Businessman Denis O'Brien has told the high court that his spokesman contacted the Sunday Independent over an article published about his finances in 2012.
Mr O'Brien, who is a major shareholder in INM, gave the evidence in his defamation action against the Sunday Business Post, over articles published in March 2015, written by Tom Lyons and fellow journalist, Gavin Sheridan.
Mr O'Brien claims the articles portrayed him as one of a gang of 22 "developer kings" who destroyed the country and bankrupted the banks.
Yesterday, under cross-examination by Senior Counsel Michael McDowell for the newspaper, Mr O'Brien said he did not believe he had done anything about a 2012 article in the Sunday Independent, also by Mr Lyons and another journalist, Nick Webb.
That article described Mr O'Brien as one of "13 buccaneer borrowers" and gave details of his borrowings with Anglo Irish Bank.
He said he was shocked by it but told the court it was clear the editor of the Sunday Independent had been working that day as the paper was very careful in how it described him. He said he was not described in the same terms as the Sunday Business Post described him.
Mr O'Brien said you had to live a life, and he could not spend his day writing letters to people when he was trying to run a business in every corner of the world.
Today he told the court he wanted to correct his answer. He said he actually did something about the 2012 article. He said his spokesperson, James Morrissey, had a lot of correspondence with the Sunday Independent.
Mr O'Brien rejected a suggestion from Mr McDowell that Mr Morrissey was his "vicar on earth" or "PR guru".
Mr O'Brien said he would not describe him that way.
He said there was long correspondence between Mr Morrissey and the Sunday Independent and he believed he ultimately got an apology from the managing editor of INM, Michael Denieffe, about the coverage.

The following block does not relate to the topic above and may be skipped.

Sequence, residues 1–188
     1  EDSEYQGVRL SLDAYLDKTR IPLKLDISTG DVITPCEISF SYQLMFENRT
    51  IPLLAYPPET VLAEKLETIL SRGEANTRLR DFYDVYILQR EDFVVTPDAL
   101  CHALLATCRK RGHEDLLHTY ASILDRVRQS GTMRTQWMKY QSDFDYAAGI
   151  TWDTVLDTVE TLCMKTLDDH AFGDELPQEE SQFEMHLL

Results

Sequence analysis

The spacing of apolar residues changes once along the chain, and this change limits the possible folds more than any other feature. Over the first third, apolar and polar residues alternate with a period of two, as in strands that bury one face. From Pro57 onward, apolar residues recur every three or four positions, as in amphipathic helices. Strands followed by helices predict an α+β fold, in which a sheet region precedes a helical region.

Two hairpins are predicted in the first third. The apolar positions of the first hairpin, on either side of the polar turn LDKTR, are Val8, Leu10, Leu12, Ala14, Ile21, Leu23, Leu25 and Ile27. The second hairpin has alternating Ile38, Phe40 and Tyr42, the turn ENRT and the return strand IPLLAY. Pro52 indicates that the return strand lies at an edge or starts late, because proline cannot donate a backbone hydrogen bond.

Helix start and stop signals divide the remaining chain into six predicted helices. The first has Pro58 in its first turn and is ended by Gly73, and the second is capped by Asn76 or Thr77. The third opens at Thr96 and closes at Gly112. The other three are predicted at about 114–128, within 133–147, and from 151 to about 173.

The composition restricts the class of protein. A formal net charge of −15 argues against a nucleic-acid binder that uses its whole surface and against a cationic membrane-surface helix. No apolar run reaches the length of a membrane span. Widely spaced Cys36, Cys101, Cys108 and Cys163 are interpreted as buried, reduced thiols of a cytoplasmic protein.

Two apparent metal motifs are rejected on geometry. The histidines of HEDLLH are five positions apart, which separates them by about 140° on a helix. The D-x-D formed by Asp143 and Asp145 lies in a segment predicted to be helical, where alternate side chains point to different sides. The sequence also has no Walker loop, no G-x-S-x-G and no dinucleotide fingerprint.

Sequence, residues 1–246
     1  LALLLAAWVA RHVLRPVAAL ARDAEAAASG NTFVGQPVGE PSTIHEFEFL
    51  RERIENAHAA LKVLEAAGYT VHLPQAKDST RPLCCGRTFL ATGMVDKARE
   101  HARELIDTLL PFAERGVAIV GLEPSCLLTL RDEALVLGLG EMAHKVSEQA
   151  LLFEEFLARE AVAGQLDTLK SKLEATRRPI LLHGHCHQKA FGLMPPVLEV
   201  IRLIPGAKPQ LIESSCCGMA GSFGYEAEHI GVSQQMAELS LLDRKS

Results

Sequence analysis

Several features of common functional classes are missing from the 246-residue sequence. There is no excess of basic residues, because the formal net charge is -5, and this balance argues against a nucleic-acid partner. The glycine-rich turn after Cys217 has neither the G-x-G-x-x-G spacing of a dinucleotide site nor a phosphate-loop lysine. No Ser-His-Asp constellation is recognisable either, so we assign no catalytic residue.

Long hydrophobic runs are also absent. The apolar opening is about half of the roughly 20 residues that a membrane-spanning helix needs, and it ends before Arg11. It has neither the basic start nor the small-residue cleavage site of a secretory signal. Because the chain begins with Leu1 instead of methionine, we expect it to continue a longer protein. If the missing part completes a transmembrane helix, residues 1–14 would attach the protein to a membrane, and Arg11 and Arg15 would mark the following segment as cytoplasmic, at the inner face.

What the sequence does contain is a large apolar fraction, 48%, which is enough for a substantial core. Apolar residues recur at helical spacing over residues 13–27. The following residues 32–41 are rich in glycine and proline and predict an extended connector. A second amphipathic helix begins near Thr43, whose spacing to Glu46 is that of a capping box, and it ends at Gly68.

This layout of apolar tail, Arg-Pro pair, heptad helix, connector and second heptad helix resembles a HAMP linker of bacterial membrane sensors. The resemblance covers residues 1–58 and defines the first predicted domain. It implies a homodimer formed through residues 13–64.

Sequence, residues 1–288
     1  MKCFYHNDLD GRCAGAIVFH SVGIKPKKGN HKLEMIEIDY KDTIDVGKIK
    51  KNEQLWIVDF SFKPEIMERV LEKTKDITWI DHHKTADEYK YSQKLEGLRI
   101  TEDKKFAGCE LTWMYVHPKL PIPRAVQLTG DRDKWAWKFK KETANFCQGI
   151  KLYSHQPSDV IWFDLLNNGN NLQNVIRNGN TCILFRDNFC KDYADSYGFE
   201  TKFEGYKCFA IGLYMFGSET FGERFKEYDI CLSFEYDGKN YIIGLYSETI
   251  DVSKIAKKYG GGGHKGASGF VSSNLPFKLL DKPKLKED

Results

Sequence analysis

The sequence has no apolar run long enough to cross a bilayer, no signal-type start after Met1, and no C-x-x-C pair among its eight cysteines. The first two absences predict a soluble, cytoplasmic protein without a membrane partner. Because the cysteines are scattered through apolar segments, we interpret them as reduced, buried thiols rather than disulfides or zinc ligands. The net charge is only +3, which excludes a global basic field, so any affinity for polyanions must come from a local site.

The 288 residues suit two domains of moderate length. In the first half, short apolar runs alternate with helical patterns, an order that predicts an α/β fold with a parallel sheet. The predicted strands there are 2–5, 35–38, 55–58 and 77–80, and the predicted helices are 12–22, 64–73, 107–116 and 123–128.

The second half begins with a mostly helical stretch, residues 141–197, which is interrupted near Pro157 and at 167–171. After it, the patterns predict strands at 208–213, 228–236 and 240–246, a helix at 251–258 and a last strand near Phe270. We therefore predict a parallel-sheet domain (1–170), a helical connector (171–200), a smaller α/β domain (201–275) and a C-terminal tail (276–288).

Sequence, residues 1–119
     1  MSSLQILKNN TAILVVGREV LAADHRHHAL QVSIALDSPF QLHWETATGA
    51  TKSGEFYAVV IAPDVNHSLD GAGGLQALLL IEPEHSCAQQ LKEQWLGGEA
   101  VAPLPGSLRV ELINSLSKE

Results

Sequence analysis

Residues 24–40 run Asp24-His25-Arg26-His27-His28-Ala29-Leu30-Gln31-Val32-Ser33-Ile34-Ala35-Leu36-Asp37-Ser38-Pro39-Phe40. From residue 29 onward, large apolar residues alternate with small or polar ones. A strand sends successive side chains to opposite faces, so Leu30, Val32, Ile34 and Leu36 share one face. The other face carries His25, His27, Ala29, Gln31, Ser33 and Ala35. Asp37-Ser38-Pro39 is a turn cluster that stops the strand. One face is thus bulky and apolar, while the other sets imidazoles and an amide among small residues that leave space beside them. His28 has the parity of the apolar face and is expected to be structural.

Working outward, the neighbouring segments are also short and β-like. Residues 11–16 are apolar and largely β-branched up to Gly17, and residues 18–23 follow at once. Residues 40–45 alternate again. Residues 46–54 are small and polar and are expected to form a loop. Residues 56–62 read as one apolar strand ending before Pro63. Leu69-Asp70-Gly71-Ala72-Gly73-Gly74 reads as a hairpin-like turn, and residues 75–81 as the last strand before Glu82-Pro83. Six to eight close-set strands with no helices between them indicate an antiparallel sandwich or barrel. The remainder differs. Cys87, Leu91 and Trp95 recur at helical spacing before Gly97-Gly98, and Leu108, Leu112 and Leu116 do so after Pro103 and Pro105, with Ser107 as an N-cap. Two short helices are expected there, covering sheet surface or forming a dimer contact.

He said there were articles every week at that time and he believed his answer yesterday to be true but he had since checked and wanted to correct the record. He said he did not have the correspondence between Mr Morrissey and the Sunday Independent in court, apart from an email from Mr Morrissey to someone in the paper.
Mr O'Brien has claimed the articles in the Sunday Business Post were malicious and that the newspaper souped up and exaggerated a story based on a PwC report to Government about Ireland's banks and their biggest borrowers.
Under cross-examination yesterday, he claimed Mr Lyons moved from one newspaper to another, brought his files, rewrote the story and turned it into something else. He said the journalist blamed 21 people for bringing down the country, and stuck him into the middle of it.
Mr McDowell asked Mr O'Brien if the correspondence between Mr Morrissey and the Sunday Independent took place before or after the Sunday Business Post articles were published. Mr O'Brien said Mr Morrissey had told him overnight that there was an apology and he took him at his word.
Mr O'Brien's Senior Counsel Paul O'Higgins told the court he wanted to raise a legal issue in the absence of the jury and the jury was eventually sent home until Tuesday, when the trial will continue.
Before the jurors went home, Mr Justice Bernard Barton told them they were aiming to finish the trial by next Friday. He asked them not to discuss the case with anyone.